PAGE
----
Photographer: Luke MacGregor/Bloomberg

Why Corporate America Should Ditch the Script During Quarterly Earnings Calls

Rehearsed answers can rattle investors and analysts alike.

Though Lehman's results were already calming market fears, a great deal was still riding on her performance. Surely everyone listening in would ask the same questions: How was Lehman different from Bear Stearns? How strong was its liquidity position? How was it valuing its real estate portfolio? Could investors really believe Lehman's "marks" (the way the firm valued its assets)? Or was Lehman playing "mark-to-make-believe"?

[Lehman Chief Financial Officer Erin] Callan had answers to all of them. She had prepped and studied and gone through dry runs. She had even rehearsed the numbers for a roomful of Securities and Exchange officials—hardly the easiest crowd—over the weekend, and they had left satisfied. She knew the numbers cold; she knew by heart the story that needed to be told. And she knew how to tell it.                                                                                                                                                                                                                                                            — Too Big to Fail

In a memorable passage from his account of the financial crisis, Andrew Ross Sorkin sets the stage for Lehman Brothers' crucial quarterly conference call at which Chief Financial Officer Erin Callan was ready to be peppered with questions on the state of the company in March 2008, just weeks after the collapse of rival Bear Stearns.   

The stock ripped to the upside amid the better-than-expected results and Callan's soothing performance. Had the CFO's impeccable preparedness been gleaned by investors, however, they should have taken it to be yet another red flag. 

That's the upshot of a paper from Joshua Lee, assistant professor at Florida State University, whose study suggests that "investors interpret scripted Q&A negatively and that analysts revise their forecasts downward following calls with scripted Q&A."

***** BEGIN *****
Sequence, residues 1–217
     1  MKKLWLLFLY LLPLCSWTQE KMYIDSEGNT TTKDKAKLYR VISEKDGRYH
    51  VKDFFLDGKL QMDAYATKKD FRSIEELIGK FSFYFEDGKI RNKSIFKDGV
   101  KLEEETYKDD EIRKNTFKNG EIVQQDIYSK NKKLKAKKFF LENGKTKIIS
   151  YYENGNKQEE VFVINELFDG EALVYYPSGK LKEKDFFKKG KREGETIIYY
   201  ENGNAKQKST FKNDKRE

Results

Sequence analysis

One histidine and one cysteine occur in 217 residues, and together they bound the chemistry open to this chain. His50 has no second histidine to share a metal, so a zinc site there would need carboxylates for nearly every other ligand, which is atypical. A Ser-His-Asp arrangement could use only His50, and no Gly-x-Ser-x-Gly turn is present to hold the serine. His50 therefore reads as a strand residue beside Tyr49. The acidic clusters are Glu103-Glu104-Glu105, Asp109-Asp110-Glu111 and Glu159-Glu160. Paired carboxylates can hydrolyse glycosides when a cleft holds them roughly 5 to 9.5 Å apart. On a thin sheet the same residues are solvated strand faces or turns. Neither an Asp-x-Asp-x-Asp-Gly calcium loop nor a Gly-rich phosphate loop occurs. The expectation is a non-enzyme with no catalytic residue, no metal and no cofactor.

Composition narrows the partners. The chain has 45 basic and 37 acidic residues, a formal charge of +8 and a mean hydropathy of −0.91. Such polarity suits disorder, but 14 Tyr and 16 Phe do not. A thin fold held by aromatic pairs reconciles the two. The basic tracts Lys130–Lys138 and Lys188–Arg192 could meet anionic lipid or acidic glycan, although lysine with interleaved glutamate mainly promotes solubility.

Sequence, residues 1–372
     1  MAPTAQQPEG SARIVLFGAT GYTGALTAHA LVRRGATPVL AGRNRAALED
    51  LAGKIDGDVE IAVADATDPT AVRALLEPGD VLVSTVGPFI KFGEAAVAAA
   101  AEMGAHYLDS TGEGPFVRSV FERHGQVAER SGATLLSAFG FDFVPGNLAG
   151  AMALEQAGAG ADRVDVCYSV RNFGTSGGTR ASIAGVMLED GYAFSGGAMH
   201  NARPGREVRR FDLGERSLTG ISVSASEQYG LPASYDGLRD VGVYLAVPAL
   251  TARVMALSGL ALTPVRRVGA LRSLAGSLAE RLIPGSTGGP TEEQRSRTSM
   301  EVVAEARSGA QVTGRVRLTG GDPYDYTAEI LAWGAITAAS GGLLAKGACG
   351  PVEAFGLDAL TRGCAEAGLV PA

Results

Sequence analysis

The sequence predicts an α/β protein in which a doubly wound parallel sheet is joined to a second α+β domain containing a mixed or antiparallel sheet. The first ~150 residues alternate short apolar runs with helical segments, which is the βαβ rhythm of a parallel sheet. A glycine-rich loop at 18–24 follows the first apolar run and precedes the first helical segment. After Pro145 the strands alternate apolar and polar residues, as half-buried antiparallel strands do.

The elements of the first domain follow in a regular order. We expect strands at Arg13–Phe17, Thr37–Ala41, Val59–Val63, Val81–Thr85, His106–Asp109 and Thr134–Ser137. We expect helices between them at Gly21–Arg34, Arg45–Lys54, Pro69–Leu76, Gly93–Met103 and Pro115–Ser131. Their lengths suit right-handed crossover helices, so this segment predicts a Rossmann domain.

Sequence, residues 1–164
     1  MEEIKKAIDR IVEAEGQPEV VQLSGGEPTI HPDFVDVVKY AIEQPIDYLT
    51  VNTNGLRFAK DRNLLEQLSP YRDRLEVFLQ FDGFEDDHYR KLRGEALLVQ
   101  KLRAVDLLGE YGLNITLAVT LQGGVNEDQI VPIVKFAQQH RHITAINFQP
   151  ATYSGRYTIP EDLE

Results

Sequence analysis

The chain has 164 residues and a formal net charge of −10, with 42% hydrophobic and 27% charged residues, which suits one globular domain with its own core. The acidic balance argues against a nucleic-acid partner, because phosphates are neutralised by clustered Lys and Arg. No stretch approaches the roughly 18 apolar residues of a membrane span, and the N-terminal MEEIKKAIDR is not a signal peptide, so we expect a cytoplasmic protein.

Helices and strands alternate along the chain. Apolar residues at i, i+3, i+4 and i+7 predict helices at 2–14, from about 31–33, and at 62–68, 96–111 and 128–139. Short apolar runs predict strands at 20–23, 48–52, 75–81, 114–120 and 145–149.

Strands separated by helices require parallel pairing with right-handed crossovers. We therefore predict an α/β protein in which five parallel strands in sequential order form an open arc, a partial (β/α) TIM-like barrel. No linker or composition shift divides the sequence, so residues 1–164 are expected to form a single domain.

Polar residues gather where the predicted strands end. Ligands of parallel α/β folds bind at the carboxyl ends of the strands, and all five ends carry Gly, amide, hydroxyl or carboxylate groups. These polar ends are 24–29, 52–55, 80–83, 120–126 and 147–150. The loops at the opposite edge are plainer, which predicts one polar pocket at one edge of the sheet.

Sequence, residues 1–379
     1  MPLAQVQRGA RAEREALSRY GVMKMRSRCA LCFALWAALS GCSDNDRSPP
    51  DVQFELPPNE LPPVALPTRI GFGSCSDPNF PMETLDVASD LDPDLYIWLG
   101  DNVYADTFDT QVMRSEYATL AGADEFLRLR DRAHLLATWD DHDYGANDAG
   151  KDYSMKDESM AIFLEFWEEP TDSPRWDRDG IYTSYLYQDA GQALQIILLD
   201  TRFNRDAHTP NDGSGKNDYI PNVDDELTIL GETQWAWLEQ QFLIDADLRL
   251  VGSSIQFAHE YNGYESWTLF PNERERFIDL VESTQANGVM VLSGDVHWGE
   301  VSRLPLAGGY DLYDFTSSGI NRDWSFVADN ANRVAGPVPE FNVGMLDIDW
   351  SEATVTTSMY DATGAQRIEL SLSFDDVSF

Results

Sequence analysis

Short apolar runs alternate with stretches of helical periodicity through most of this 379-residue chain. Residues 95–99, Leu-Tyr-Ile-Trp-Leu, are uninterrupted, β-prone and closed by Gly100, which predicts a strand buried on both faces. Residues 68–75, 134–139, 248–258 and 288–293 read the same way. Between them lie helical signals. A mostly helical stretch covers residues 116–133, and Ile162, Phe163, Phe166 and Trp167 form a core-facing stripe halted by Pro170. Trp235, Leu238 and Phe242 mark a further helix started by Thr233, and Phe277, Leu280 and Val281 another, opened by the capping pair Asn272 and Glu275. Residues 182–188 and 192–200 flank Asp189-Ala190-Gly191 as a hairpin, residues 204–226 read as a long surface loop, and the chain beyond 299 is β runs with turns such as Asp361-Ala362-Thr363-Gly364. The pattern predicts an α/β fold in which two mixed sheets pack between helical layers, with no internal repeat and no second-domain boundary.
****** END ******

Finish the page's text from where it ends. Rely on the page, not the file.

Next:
If an executive team is keeping its cards close to the chest, perhaps the company has something to hide, Lee posits in the paper published by The Accounting Review.

"By adhering to a script, managers can circumvent the extemporaneity of the Q&A and avoid the costs of unintentionally disclosing bad news," he wrote, pointing out that his findings suggest this approach backfires.

Immense planning for quarterly calls is time the C-Suite, legal department, and public relations team could've spent doing something else—and thus represents a cost to the company. Moreover, a stiff, rehearsed performance in a question-and-answer session can leave the listener with the impression that management doesn't understand the business well enough to think on their feet, Lee adds.

The professor analyzed differences in speech patterns and styles between the management discussion portion of conference calls (which is typically scripted) and the question-and-answer session to get a handle on whether management were serving up canned responses to the analyst community.

"Research suggests that stylistic properties of speech naturally differ between written and spontaneous language," explained Lee.

Lee found companies that utilize a scripted Q&A tend to have worse returns on the day of and 90 days following these calls and are likely to see bid-ask spreads widen as well as analysts' earnings estimates come under pressure over the next month.

"These results suggest that the negative market reaction to scripting is likely due to the signal it provides about future performance and not due to the greater levels of information provided in the call about the future performance," he wrote.

Something to keep in mind after Alcoa unofficially kicked off the fourth-quarter earnings season on Monday.

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